Banking Crisis Fiscal Policy

Anglo Irish bank: dealing with risk investors

Anglo Irish Bank has announced losses that bring its measured shareholders’ funds down to about 0.1 per cent of total assets — effectively zero.  It has also announced a further €3.4 billion in expected loan losses, little of which would be offset by operating income over the next year or so.

From a strict contractual point of view, the next in line for absorbing these losses are the subordinated debt holders.  There has already been some discussion on this site of the issues involved here.

Now we are at a crunch point because a recapitalization of Anglo cannot be long-delayed. Indeed, to continue trading, the bank presumably needed the assurance that was provided by the Government today that needed capital would be forthcoming.

There is €2.8 billion of unguaranteed sub-debt on Anglo’s books.  I am assuming that part of the Strategic Plan promised by the bank this morning will have to involve risk-sharing by sub-debt holders.  This could take the form of of a deeply-discounted buy-back (as indeed is already suggested in the Government’s statement). It could also take the form of a debt-equity swap. (This would parallel current discussions in the US around debt-equity swaps to recapitalize some of the larger US banks following their stress-tests).

Obviously none of this is easy, and these bondholders may want to play chicken.  In a liquidation they would be wiped out, but — absent modern bank insolvency legislation here — a messy liquidation could also inflict severe taxpayer and economic costs.

I admit that I am not sure of the most effective way of accomplishing it. There are some obvious options. Perhaps readers will have some further ideas. I am sure that officials are pondering these issues.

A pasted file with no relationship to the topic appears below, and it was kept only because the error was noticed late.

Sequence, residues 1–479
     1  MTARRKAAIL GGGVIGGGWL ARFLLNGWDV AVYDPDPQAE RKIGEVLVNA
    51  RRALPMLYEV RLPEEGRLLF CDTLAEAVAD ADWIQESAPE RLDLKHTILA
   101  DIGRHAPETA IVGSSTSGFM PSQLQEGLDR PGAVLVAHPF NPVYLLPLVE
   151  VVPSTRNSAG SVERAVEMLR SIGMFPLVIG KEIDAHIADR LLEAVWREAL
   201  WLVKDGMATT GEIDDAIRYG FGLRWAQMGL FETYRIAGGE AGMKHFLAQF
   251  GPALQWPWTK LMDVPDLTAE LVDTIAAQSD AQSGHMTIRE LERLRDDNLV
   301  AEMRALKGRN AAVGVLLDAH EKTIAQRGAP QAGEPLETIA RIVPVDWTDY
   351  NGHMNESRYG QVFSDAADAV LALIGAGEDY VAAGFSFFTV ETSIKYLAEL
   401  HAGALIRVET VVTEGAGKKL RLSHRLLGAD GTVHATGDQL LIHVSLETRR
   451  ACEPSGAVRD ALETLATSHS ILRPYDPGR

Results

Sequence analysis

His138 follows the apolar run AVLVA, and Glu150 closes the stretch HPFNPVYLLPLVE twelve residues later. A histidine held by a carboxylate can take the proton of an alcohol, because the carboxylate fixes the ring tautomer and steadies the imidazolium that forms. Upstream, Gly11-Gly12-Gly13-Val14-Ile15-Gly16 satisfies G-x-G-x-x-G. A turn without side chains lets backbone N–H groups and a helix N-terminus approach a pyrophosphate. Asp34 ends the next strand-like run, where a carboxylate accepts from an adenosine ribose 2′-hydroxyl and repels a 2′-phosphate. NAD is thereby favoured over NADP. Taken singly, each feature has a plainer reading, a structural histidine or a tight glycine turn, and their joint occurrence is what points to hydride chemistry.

But difficult does not mean impossible.  The stakes here are evidently high. 

Urgent work to modernize bank insolvency procedures (as recently enacted in the UK post Northern Rock) could strengthen the Government’s hand. 

It might be argued that losses incurred even by sub-debt holders of a bank could damage the credit of the Irish government.  I disagree. 

First, it is really immaterial that the bank is Government-owned: eveyone knows that situation has only arisen as a result of the disastrous performance of the bank. No new subordinated debt has been issued since the nationalization. Besides, in his statement in the Dail on January 20, during the debate on the nationalization bill, the Minister removed any doubt about whether nationalization entailed an expansion of the guarantee.

More generally, even though there might be an immediate knee-jerk reaction in market prices of debt, mature reflection by the financial markets would recognize that a country honouring its debts and guarantees to the letter–and not beyond–was more creditworthy than one which handed over money lightly to unguaranteed risk investors.

15 replies on “Anglo Irish bank: dealing with risk investors”

@ Patrick

the comments from Lenihan today have definitely been considered ‘bondholder friendly’ in that there appears to be a decent chance that all the subordinated debt holders get taken out via a tender to buy back at levels somewhat above current pricing.